District of Columbia v. Benefield

Annotate this Case

248 A.2d 127 (1968)

DISTRICT OF COLUMBIA, Appellant, v. Eddie BENEFIELD, Appellee.

Nos. 4582, 4583.

District of Columbia Court of Appeals.

Argued October 21, 1968.

Decided November 29, 1968.

*128 Leo N. Gorman, Asst. Corporation Counsel, with whom Charles T. Duncan, Corporation Counsel, Hubert B. Pair, Principal Asst. Corporation Counsel, and Richard W. Barton, Asst. Corporation Counsel, were on the brief, for appellant.

Ralph J. Temple, with whom Monroe H. Freedman and Patricia H. Latham, Washington, D. C., were on the brief, for appellee.

Before MYERS, FICKLING and KERN, Associate Judges.


Two cases (traffic and disorderly conduct) had been continued for trial previously, once at the request of appellee and once by mutual consent of the government and appellee. On the third trial date, the government, over the objection of defense counsel, requested a short continuance to secure an essential witness who had been brought to its attention the previous evening. The trial court denied the request and insisted that the government proceed with the trial. The prosecutor was not allowed to nol-pros the cases and, when the government refused to proceed, the trial court swore-in appellee and his witness. (No government witnesses were present, having been excused by the prosecutor in expectation of securing a continuance.) Appellee pled not guilty to the charges, and findings of not guilty were entered without any evidence having been heard.

Appellant contends that the action of the trial court in refusing to permit the government to nol-pros the informations and in making the findings of not guilty without a trial were erroneous.

On numerous occasions we have said that the right of the prosecutor to nol-pros a case is not subject to judicial control unless exercised by the prosecutor in a scandalous or corrupt manner, or shown to be capricious and vexatiously repetitious.[1] There is no such showing on this record. In fact, defense counsel stated to the trial judge that he had no doubt that the prosecutor was acting in good faith when he requested a continuance.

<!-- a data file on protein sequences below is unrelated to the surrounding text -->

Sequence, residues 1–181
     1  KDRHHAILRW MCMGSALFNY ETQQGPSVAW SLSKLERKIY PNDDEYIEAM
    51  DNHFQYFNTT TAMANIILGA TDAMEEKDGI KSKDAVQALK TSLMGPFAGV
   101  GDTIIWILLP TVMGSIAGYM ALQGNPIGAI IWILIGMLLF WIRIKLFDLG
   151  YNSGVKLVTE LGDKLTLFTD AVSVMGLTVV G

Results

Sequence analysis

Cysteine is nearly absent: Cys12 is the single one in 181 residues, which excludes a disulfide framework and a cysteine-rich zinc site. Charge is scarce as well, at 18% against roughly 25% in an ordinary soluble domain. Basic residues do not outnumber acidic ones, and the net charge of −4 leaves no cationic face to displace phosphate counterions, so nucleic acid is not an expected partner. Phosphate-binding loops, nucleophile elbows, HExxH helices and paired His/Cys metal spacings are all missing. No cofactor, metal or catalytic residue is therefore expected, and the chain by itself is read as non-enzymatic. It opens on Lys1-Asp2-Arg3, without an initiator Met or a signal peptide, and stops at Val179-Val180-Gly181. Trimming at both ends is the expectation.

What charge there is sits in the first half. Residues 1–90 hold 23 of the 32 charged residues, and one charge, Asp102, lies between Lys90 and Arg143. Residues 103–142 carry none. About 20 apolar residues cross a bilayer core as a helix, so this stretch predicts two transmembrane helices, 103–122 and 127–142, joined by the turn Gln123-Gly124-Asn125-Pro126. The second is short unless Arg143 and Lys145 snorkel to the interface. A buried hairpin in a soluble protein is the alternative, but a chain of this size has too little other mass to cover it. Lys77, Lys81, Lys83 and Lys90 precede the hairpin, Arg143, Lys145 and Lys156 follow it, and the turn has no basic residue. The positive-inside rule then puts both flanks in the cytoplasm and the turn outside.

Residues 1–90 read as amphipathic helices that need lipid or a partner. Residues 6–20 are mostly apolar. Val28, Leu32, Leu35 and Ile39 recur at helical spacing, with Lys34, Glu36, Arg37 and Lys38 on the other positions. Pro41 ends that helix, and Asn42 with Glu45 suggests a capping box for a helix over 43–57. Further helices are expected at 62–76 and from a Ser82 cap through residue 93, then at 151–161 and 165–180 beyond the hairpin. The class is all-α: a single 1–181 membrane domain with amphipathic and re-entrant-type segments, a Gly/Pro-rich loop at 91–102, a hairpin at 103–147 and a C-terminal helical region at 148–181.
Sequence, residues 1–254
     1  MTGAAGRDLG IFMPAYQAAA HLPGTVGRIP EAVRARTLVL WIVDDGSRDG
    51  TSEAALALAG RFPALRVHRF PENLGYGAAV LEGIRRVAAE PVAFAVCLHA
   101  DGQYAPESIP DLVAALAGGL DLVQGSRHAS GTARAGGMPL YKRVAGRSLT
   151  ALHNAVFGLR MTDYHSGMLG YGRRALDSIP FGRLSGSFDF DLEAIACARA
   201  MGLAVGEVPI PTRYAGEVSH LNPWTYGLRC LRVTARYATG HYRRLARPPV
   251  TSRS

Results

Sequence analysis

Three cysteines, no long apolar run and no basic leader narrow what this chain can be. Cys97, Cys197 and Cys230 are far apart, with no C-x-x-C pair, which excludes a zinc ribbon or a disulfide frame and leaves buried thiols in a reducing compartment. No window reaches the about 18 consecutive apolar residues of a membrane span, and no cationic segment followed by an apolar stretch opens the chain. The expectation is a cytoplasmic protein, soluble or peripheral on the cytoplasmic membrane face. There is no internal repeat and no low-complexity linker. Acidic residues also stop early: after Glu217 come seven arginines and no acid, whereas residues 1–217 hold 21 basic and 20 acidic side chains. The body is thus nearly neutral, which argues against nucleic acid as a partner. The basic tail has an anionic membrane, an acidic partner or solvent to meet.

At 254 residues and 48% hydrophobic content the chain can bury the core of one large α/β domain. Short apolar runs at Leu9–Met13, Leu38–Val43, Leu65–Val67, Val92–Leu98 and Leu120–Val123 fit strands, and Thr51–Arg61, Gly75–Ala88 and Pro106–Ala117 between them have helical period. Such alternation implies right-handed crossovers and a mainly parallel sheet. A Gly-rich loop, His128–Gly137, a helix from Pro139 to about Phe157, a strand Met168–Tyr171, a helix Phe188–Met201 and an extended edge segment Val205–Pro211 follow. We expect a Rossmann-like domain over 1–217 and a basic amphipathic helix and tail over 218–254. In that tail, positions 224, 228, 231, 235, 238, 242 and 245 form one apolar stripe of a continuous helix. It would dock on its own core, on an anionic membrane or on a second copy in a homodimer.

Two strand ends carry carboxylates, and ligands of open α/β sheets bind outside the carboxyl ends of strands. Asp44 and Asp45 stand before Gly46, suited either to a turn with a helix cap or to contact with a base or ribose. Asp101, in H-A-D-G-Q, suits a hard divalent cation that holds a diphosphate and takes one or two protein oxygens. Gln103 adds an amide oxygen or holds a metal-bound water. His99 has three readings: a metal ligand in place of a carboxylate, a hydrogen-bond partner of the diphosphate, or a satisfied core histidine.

In United States v. Foster, supra note 1, a case factually similar to the instant case including the swearing-in of witnesses, we held that a trial had not begun, therefore, jeopardy had not attached and that the finding of not guilty was error. We agree that it was also error to make such findings in the instant case.

In cases where the government refuses to proceed with the prosecution of a case when directed to do so by the court, we suggest that the appropriate action for the trial court to take is to dismiss the case for want of prosecution, with or without prejudice depending upon the circumstances.

Reversed with instructions to vacate findings of not guilty.


[1] United States v. Foster, D.C.App., 226 A.2d 164 (1967); District of Columbia v. Dixon, D.C.App., 230 A.2d 481 (1967), vacated on other grounds, D.C.Cir., 394 F.2d 966 (1968); Smith v. District of Columbia, D.C.App., 219 A.2d 842 (1966), vacated on other grounds, 128 U.S.App. D.C. 275, 387 F.2d 233 (1967); District of Columbia v. Weams, D.C.App., 208 A.2d 617, 618 (1965).